The Eadaat Publishing House has recently published “The Women in Ismail Abdullah’s Theater”, the latest book by author Nermin al-Houti.
Divided into three chapters, the book totals at 353 pages.
The first chapter discusses the early beginnings of women representation in theater throughout history, starting in ancient Greece and then covering medieval and Arab theater, before ending with an overview of theater in the Gulf.
The second chapter, dubbed “Ismail Abdullah Theater”, starts with an overview of the life of Ismail Abdullah and the theatrical creativity present in his career. The author carefully analyzes his choice in titles and character names alongside the dramatic construction of his stories and how Abdullah’s writing was influenced by local beliefs and poetry.
The chapter then ends with an overview of Abdullah’s work, wherein he addresses women’s issues within the textual structure of the play.
And in the final chapter, Houti evaluates the image of women throughout Ismail Abdullah’s theatrical body of work.
Speaking to Egypt Independent, Houti said that her reason for focusing on Abdullah’s work was out of her desire to present an integrated work on his characters.
She explained that the first thing that grabbed her attention to Abdullah was his play “Al-Boshiya”.
The title, according to Houti, refers to a piece of cloth soft cotton fabric worn by women in front of their faces when near men.
Houti said she was very impressed by the actress in the lead role of the 2011 play, which she portrayed with “competence and merit'”.
Houti added that she already had a book on Naguib Mahfouz entitled “Women for Naguib Mahfouz”. This made her want to focus on another area, and so Houti opted to focus on theater in the Gulf, and the UAE in particular.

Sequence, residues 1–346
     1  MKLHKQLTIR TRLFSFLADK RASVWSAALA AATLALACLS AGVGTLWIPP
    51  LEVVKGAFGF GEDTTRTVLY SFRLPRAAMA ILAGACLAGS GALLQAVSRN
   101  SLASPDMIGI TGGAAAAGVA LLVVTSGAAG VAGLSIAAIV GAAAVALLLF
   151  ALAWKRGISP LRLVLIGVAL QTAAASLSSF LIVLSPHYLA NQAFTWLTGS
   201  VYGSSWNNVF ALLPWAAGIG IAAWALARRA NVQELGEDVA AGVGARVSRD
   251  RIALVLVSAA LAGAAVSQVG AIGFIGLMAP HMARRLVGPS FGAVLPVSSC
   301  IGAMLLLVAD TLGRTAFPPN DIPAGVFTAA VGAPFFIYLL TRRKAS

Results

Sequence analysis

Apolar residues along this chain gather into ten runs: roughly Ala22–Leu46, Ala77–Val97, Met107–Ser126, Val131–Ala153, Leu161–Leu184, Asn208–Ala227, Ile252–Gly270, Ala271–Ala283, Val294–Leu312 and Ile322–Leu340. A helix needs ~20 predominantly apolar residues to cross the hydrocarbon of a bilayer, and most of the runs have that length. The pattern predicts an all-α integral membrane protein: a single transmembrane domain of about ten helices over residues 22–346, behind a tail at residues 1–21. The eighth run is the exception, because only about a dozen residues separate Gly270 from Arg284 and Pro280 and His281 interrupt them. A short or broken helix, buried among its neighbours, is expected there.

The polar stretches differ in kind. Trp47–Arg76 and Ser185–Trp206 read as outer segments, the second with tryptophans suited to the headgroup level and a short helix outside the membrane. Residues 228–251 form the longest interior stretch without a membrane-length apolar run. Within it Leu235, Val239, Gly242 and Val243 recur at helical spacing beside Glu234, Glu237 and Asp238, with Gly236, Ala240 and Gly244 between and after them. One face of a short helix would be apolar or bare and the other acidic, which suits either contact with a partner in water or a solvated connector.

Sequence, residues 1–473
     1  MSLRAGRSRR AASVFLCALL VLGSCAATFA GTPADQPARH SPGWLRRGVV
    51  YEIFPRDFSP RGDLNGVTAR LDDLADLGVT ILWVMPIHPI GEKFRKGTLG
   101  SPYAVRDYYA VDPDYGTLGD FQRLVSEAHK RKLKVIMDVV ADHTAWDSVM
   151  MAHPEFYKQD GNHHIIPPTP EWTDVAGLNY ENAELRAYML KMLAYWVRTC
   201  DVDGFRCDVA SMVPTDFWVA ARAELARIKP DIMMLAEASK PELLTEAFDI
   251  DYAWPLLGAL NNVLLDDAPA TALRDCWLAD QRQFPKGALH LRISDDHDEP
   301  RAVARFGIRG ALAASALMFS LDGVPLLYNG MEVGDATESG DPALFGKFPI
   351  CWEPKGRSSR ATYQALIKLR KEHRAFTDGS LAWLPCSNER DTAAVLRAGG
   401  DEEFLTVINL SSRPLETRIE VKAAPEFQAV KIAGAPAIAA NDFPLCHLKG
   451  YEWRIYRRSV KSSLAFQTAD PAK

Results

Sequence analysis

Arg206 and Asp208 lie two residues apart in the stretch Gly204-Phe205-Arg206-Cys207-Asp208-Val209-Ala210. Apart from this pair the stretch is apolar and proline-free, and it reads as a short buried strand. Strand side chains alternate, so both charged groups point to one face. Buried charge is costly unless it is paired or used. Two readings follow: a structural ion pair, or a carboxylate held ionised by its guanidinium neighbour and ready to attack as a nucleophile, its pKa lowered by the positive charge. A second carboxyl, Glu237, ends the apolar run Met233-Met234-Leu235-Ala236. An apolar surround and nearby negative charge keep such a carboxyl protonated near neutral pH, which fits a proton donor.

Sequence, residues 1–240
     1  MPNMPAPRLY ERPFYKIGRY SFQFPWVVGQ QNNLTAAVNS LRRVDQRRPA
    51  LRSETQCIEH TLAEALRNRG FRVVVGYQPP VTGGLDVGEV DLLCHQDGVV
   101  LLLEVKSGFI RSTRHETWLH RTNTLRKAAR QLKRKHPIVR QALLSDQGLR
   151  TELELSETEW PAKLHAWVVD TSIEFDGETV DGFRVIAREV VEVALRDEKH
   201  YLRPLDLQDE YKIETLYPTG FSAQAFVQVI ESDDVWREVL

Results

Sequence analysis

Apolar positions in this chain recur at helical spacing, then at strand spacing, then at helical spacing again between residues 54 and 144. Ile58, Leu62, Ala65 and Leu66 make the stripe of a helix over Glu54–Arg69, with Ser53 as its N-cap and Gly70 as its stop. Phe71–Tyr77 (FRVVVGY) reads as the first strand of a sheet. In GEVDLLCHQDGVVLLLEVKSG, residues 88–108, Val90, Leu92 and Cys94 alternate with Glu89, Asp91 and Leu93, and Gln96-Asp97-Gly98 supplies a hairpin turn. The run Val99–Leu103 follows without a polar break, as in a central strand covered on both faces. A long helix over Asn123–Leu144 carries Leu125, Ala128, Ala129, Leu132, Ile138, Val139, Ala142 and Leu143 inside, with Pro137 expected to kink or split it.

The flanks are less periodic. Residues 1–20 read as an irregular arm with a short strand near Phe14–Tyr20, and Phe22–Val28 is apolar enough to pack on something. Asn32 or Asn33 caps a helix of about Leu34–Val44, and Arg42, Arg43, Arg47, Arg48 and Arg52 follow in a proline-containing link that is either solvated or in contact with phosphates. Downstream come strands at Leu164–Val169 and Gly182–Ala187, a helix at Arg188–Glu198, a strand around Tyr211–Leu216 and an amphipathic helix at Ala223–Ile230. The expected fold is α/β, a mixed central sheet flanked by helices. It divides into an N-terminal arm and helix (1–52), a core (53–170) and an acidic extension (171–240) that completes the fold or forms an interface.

Theater, be it in Egypt or the Arab world at large, does not adequately portray the depths of a woman’s life, Houti noted. She explained that, whether written by a man or woman, most plays only present the surface level issues women face and shy away from serious topics such as early childhood trauma, rape, marriage issues, divorce, etc.
She cited this due to the fact that these plays, funded by the private sector, are focused more on making a financial profit rather than shining light on societal ills.
Thus, Houti proposed several solutions to how she sees theater can improve.
The first would be to grant further attention to school theaters, so that children can foster a love of the medium from an early age and prepare students to enter government theater later on. Next, she suggested choosing topics with strong scenarios to be presented in private theater, and lastly, dedicating theatre festivals to discuss women’s issues.
A graduate of the Higher Institute of Dramatic Arts, Houti chose the book’s topic based on her extensive experience stemmed from her current position as an associate professor of the Department of Criticism at the Higher Institute of Dramatic Arts in Kuwait.
She holds a PhD in Philosophy of Literary Criticism and is a member of the Association of Writers and the Journalists Association, and is also part of the literary arbitration committees on theater or poetry in Kuwait and other Arab countries.
She has been chosen as a panelist in various significant cultural events and has participated in several seminars, the latest of which was at the Cairo International Book Fair 2023.
The daughter of literature professor Fawzia Mekkawi, Houti has followed in her mother’s footsteps through discussion and examining women’s issues.